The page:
Design of a Truss
Design of a Truss: In the following, we shall discuss three methods for designing a statically and kinematically determinate plane truss.
Method 1:We start with a single bar and add two members to form a triangle (see Fig.1). This basic element represents a rigid body. It may be extended by successively adding two members at a time and connecting them in such a way that the structure remains rigid (one has to avoid having two members along a straight line; such an improper arrangement is indicated by the dashed line in Fig. 1). A truss designed from a basic triangle as described is called a simple plane truss.
As can be verified by inspection, the relation
2 j = m 3..............................eq..(1)
is satisfied by the trusses shown in Fig. 1. For every additional joint in a simple truss, there are two additional members. Therefore Equation (1) remains valid. If the truss is supported insuch a way that there are r = 3 unknown reactions that completely constrain the truss, then it is statically determinate (see the
necessary condition 2 j = m r .).
Method 2: Two simple trusses are connected by three members (Fig. 1a). To ensure the rigidity of the system, the axes of the members must not be parallel or concurrent. The two simple trusses may also be connected by a joint and one member: the system in Fig. 6.4b has been obtained by replacing members 2 and 3 in Fig. 1a by the joint I. If two simple trusses are connected through one joint only, the system is nonrigid. To obtain a statically and kinematically determinate system, an additional support must be introduced; an example is given in Fig. 1c. This system represents a three-hinged arch. It should be noted that instead of connecting the two simple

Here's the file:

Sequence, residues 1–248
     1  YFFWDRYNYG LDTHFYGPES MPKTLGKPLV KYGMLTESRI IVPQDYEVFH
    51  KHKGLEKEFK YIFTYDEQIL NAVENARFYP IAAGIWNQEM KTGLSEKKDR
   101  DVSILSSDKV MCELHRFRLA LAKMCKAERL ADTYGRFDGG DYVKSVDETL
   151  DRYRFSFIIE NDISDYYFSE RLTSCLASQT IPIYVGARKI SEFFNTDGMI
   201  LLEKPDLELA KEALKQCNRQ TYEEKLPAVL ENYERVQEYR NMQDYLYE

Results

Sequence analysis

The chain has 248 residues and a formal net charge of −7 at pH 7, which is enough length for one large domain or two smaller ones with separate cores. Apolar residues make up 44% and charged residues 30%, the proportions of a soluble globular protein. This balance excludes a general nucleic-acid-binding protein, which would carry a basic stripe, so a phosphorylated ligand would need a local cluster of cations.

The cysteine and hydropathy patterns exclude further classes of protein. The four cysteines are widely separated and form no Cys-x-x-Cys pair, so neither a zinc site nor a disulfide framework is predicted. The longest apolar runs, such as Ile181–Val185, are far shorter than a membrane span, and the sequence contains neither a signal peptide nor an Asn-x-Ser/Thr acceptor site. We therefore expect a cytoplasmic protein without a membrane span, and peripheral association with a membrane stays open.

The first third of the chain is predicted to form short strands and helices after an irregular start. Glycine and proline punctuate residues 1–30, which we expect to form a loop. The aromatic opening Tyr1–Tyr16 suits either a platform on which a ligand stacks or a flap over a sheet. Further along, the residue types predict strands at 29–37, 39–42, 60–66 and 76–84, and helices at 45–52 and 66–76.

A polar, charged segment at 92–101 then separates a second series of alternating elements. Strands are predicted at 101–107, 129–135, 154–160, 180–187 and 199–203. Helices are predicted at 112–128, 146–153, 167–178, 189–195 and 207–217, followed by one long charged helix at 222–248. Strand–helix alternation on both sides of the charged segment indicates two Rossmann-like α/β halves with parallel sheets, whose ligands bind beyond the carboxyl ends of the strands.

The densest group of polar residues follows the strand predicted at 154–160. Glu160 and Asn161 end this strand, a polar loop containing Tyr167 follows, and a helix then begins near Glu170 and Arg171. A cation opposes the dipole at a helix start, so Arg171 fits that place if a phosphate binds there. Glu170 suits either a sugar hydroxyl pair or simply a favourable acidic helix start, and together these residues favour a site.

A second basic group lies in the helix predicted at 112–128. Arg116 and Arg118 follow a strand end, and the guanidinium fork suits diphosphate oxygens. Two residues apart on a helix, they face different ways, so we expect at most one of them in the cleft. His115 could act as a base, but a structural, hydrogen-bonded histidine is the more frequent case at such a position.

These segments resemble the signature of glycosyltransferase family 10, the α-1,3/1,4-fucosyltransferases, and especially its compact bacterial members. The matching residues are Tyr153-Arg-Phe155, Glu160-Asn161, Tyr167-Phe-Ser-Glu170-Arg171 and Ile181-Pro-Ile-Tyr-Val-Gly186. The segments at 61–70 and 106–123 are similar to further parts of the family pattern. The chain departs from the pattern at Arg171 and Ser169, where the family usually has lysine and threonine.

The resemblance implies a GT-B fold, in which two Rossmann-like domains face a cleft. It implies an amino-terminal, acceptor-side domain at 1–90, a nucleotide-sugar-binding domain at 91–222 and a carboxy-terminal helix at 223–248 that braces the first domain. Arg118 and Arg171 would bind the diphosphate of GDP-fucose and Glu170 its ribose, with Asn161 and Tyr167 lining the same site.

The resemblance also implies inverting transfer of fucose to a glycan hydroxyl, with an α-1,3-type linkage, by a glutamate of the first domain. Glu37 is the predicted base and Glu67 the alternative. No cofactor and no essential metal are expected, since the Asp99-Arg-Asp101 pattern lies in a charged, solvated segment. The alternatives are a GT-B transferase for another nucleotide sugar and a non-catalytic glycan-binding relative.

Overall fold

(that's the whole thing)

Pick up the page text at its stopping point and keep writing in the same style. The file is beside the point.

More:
trusses by one joint the trusses may be connected by two members that are not parallel and not concurrent. It can easily be verified that for the three examples shown in Fig. 2, the necessary condition 2 j = m r . is satisfied. Since these systems are completely constrained against motion, they are statically determinate.
Method 3: Consider a truss that has been designed according to the first or the second method. If we remove one member of the truss, the truss will become nonrigid. Therefore, we have to add one member at a different position in such a way that the truss will be rigid again. Since by doing so neither the number of the members nor the number of the joints is changed, condition 2 j = m r . is still satisfied.
An example of Method 3 is shown in Fig. 1. If we remove member 1 from the simple truss in Fig. 1a, the system is only partially constrained. Adding member 1′ yields the statically determinate truss shown in Fig. 1b.